While Cuban may view such speculative calls as being business as usual, multiple team sources still voiced concern about Voulgaris’ perceived influence around the league contributing to the team’s dysfunction. The overarching concern of these sources is how it might impact the team’s ability to maintain Doncic’s desire to remain here long-term. Doncic told reporters at a Slovenian national team press conference held Thursday that it was difficult to hear about Nelson’s departure, who sources confirm he held a good, long-standing relationship with since meeting him as a teenager. “But I’m not the one making decisions,” he said.
Marc Stein: Luka Doncic, from Slovenia with his national team, on Donnie Nelson's Mavericks exit: "It was kind of tough to me. I really like Donnie. I know him since I was a kid and he was the one that drafted me. It was tough for me seeing that, but I'm not the one making decisions there."
Marc Stein: Former Mavericks All-Star Michael Finley, already a member of the team's brain trust as vice president of basketball operations, has immediately emerged as a candidate in the club's search for a new head of basketball operations, @NYTSports has learned.
Brad Townsend: I'm told that reports of Luka Doncic being upset about Donnie Nelson's parting with the Mavericks aren't based on conversations anyone's had with Doncic because he hasn't shared such feelings. Doncic and Nelson are personally close and have been since before Dallas drafted him, but that's not the same as saying Doncic is upset with the franchise regarding today's news.
Brad Townsend: Doncic is in fact expected to speak about Nelson's departure tomorrow during an availability with reporters in Slovenia as he and Team Slovenia prepare for an Olympic qualifying tournament. But to say Doncic is upset with the Mavericks right now is not accurate.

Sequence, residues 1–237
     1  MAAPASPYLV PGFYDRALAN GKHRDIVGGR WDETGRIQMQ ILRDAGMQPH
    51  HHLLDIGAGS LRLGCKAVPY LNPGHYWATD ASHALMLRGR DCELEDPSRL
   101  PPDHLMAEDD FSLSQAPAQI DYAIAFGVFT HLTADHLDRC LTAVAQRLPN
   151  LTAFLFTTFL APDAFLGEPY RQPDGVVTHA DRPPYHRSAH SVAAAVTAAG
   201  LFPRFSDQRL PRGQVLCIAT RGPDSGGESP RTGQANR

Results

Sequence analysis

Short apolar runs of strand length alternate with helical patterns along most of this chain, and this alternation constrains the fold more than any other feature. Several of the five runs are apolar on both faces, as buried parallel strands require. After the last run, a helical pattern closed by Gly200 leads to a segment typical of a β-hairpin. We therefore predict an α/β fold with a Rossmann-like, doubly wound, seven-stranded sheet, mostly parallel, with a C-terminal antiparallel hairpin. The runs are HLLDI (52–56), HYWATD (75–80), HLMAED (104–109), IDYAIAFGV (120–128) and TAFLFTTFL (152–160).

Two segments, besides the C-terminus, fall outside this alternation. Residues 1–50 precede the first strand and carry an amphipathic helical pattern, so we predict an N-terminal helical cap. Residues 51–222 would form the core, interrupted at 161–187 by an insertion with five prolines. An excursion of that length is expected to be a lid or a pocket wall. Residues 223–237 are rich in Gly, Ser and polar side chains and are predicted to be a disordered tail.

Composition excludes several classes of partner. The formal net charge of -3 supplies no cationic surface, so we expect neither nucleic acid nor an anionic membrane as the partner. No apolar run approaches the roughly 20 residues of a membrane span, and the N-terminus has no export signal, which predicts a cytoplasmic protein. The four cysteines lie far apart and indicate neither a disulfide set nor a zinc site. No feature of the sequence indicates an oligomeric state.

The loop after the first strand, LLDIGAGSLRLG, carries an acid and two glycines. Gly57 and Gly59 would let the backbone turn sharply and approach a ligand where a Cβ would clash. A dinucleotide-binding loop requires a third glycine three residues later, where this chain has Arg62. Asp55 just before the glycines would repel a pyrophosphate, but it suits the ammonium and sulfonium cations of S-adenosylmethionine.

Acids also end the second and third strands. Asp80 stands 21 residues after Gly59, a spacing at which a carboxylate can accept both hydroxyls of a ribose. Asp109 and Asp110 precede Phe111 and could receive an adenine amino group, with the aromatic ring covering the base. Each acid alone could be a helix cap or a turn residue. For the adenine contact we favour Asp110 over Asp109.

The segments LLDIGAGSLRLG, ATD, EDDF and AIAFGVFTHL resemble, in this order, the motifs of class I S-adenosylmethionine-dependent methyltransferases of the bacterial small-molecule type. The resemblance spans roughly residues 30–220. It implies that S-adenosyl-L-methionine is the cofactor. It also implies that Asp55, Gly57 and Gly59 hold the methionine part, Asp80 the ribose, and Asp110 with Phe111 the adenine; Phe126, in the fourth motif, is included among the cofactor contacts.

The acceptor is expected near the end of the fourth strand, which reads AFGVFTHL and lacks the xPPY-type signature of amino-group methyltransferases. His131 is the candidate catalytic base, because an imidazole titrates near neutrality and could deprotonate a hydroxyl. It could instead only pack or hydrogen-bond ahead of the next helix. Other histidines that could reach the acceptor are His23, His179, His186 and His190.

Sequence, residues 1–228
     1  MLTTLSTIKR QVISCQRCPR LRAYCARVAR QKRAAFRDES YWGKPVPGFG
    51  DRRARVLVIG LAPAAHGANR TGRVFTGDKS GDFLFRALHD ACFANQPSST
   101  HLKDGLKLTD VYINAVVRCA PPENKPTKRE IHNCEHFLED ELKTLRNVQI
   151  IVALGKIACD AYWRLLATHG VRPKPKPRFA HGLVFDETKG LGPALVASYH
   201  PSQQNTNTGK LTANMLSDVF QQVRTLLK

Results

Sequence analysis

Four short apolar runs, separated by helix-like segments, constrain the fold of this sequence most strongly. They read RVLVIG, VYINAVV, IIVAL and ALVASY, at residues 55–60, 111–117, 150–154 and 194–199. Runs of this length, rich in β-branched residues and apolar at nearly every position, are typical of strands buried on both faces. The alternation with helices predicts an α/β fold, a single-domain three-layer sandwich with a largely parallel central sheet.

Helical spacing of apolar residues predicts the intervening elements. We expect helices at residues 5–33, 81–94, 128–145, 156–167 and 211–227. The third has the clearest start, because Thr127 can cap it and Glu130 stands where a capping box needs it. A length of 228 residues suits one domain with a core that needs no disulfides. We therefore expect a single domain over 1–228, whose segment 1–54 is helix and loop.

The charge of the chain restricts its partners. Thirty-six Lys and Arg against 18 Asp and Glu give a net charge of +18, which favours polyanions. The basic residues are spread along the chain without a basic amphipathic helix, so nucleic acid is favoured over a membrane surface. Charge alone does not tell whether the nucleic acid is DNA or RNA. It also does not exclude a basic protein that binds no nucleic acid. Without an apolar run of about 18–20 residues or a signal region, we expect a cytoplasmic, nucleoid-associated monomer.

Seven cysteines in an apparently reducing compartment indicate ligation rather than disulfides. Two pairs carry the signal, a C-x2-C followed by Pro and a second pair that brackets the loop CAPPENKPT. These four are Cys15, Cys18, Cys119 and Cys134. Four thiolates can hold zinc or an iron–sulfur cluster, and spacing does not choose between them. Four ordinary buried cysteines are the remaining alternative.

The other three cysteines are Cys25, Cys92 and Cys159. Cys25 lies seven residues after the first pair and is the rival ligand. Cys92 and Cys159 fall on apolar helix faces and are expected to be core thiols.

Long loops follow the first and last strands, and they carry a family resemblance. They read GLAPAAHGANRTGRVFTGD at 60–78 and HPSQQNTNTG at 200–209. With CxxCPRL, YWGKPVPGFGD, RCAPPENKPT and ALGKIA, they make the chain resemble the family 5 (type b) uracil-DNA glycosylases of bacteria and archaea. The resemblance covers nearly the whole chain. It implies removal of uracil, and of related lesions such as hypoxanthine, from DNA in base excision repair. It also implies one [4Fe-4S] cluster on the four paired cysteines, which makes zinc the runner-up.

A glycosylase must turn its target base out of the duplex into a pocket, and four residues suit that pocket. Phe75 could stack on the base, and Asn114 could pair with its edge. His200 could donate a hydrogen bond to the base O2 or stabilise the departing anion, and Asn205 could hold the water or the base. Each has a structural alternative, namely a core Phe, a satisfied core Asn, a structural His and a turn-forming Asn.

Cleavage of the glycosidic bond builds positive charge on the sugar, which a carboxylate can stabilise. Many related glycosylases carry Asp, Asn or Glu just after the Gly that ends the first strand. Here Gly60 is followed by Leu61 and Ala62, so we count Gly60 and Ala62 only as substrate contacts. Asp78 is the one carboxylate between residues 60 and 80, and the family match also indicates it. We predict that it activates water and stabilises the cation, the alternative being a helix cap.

Ruben Palacios: Marc J Spears on The Jump: - Luka is upset at Donnie Nelson firing - Luka will comment about the firing tomorrow - There are not currently ongoing talks on his extension. That seems like a big deal.
Marc Stein: The Mavericks have hired a search firm and have opened the search for a new head of basketball operations, league sources say.
Tim MacMahon: The decision for Donnie Nelson to leave the Mavericks was made Sunday, sources told ESPN.
Tim MacMahon: Source confirms that longtime president of basketball operations Donnie Nelson is parting ways with the Mavs, as reported by The Athletic. Nelson had lost power since the hiring of Bob Voulgaris, creating internal tension.
Shams Charania: Mavericks GM Donnie Nelson and the franchise have decided to part ways, sources tell @TheAthletic @Stadium .
Jordan Schultz: Asked Mark Cuban about the “bullshit” Luka report. His response, via text: “I listen to everyone. And I certainly listen to Luka. The whole idea that there is a shadow GM is ridiculous.”